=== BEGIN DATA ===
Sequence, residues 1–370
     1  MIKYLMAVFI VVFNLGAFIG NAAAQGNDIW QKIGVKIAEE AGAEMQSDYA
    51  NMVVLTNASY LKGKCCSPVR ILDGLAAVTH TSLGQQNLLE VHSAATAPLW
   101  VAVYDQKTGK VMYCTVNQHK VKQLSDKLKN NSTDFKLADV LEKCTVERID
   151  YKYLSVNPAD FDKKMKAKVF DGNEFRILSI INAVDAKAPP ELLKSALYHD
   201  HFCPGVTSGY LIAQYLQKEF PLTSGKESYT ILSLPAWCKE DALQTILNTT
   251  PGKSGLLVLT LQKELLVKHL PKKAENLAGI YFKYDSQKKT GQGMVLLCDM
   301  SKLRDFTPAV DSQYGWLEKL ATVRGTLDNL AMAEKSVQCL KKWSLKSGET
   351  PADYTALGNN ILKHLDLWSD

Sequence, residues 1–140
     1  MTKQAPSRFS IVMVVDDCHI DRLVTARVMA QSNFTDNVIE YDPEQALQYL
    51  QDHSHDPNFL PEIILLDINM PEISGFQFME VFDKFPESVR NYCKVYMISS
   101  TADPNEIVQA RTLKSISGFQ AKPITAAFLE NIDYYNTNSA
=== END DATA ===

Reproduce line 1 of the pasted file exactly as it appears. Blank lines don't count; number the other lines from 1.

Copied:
Sequence, residues 1–370